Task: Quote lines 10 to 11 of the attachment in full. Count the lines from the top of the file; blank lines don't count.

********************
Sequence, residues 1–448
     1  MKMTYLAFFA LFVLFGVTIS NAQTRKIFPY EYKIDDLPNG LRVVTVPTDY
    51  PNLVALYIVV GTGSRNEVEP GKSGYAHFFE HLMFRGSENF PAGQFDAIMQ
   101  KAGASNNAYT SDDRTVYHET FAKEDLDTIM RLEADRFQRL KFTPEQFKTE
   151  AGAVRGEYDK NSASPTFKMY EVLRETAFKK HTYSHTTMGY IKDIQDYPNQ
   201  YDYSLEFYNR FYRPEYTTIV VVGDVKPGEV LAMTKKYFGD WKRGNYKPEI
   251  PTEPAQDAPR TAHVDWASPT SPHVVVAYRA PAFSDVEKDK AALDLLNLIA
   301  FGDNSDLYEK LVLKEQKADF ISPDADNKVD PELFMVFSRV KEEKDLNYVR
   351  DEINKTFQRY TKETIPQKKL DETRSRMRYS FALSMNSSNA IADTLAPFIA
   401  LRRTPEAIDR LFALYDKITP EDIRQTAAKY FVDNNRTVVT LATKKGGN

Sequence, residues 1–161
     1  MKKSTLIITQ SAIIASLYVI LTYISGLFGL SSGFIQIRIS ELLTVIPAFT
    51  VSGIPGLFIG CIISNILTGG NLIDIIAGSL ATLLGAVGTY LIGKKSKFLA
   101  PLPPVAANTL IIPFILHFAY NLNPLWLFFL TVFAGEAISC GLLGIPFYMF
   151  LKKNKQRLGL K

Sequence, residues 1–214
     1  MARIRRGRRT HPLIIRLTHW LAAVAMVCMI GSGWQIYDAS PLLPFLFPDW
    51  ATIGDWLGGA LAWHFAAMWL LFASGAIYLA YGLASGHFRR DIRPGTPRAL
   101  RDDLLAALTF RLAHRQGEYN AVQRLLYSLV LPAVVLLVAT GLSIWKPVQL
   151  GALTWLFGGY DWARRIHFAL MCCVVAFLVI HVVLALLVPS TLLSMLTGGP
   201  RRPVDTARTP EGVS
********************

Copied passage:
   401  LRRTPEAIDR LFALYDKITP EDIRQTAAKY FVDNNRTVVT LATKKGGN

Sequence, residues 1–161